That may come as a surprise ― and maybe even a disappointment ― to many, as more creative and exciting ideas for the massive State Street footprint had recently been bandied about, like housing, a movie theater, or some combination of restaurants, retail, and entertainment.
Nordstrom announced the closure of its Santa Barbara location along with 15 other branches in May 2020 as the pandemic picked up steam. The department store had helped anchor the Paseo Nuevo shopping mall for nearly 30 years, along with Macy’s, which closed in 2017.
The prediction that COVID-19 would render physical office space obsolete is not playing out, at least not locally. Santa Barbara brokers are reporting high ― and even growing ― demand as companies reconvene employees burned out by work-from-home fatigue.
For example, the large El Centro building on Canon Perdido Street is now almost full, with Women’s Economic Ventures recently signing a lease for the entire third floor. The Freitas building on Carrillo Street had four major vacancies at the start of the year, but they’ve since been occupied by law, accounting, and engineering firms. And, of course, there’s Macy’s, now being leased as office space and reportedly receiving steady interest.
In other business news, City Hall staff made a major unforced error this week when they tried strong-arming restaurants ― just now starting to dig out of the financial hole created by COVID ― into renovating their outdoor parklets to fit a more homogenous “Santa Barbara aesthetic.” The rejection of the proposal was swift and fierce, with both the City Council and the restaurateurs wondering why the idea was even up for discussion.
It turns out, the failed redesign effort was driven by volunteer architects and historic preservationists who met with staff in private to grouse over the “visual degradation” of our fair town. The parklets, they said, were too colorful and diverse ― in other words, too fun and different ― and needed to be whitewashed with pre-approved tones and infrastructure. For reasons unclear, no restaurant owners were included in these discussions.
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The insensitivity of the moment was underscored by the fact that the city staff member who made the proposal earns around $85,000 a year, while her supervisor, who was also present, pockets approximately $150,000. It bears repeating that both were taking their cue behind closed doors from volunteers, often retired, in their specialty fields.
Meanwhile, the restaurants they wanted to overregulate are struggling nearly across the board with post-pandemic staffing shortages, and the staff they do employ typically make minimum wage, which equates to just over $30,000 annually, before taxes. Owners and managers don’t make much more as, even in the best of times, restaurant margins are razor thin.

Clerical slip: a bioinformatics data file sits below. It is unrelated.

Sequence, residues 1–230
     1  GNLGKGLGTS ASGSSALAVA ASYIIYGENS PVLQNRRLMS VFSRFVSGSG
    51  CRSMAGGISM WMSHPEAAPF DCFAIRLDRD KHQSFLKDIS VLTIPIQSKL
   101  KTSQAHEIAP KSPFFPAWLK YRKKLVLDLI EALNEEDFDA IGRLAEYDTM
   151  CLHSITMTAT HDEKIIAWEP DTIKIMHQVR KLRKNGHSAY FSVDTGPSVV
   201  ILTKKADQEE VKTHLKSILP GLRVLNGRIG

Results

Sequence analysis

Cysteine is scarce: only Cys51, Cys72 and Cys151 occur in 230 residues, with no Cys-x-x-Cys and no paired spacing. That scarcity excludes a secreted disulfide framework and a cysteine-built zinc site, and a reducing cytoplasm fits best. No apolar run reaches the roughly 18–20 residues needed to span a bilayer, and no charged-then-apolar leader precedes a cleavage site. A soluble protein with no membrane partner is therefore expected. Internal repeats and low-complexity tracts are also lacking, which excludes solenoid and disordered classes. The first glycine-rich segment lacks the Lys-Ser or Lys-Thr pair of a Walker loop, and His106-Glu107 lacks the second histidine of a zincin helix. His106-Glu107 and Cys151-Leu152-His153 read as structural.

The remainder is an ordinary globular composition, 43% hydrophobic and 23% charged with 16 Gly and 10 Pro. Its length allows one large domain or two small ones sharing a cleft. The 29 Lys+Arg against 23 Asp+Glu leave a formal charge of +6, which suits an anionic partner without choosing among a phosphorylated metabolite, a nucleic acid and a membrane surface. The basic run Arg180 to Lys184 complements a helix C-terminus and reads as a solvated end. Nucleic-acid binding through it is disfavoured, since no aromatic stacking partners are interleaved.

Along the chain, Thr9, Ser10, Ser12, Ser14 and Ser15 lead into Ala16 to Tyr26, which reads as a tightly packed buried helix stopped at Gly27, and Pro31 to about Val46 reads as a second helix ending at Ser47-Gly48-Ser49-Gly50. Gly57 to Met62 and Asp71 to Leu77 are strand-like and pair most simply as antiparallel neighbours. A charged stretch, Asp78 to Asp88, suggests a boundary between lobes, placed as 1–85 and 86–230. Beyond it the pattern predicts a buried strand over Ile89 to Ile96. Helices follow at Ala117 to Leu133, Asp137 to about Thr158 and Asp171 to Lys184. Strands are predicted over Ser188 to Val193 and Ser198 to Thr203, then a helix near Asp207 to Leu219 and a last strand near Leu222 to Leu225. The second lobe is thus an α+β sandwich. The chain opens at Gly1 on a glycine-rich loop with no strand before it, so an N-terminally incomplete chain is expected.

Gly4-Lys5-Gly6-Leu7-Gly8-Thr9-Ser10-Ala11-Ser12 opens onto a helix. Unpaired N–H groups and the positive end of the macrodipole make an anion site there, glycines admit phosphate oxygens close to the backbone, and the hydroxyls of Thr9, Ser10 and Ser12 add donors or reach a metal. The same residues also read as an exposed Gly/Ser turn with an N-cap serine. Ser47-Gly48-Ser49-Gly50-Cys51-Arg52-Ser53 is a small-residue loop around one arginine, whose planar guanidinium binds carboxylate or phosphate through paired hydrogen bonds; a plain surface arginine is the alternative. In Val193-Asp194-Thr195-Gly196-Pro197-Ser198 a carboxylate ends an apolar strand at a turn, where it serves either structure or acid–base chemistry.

Tone-deaf only begins to describe the attitude of anyone in City Hall who thought these were the people who needed to be slapped with more rules and expenses right now. The fiasco was all the more confusing and disappointing as it was driven by the same staff who quickly and heroically made the State Street promenade and its many parklets the success that it is today.
In other news…
A zoning permit for 87 acres of outdoor cannabis cultivation at the western end of the Sta. Rita Hills was approved by the County Board of Supervisors this week. SFS Farms, owned by investors in Colorado and Manhattan Beach, is the largest “grow” approved by the county to date. If it were up and running today, it would be one of the largest cannabis operations in the United States.
Despite vocal objections from about 30 downtown neighbors, the City Council gave the green light to a proposal for a four-story mixed-use housing development on the 800 block of De la Vina Street now occupied by an urban parking lot. The neighbors complained that the proposed development — 21 apartments, 23 parking spaces, and 32 bike parking spots — was outsized and would loom over the surrounding neighborhood, a stylistic hodgepodge of one- and two-story structures.
Santa Barbara’s Black and Latinx high school graduates met University of California and California State University eligibility requirements at nearly half the rate as their white and Asian counterparts, according to a presentation at Tuesday’s school board meeting. In 2021, 40.91 percent of Black graduates, 42.95 percent of Latinx graduates, and 40.77 percent of low-income graduates made the requirements. In the same graduating class, 83.74 percent of Asian graduates and 72.88 percent of white graduates did.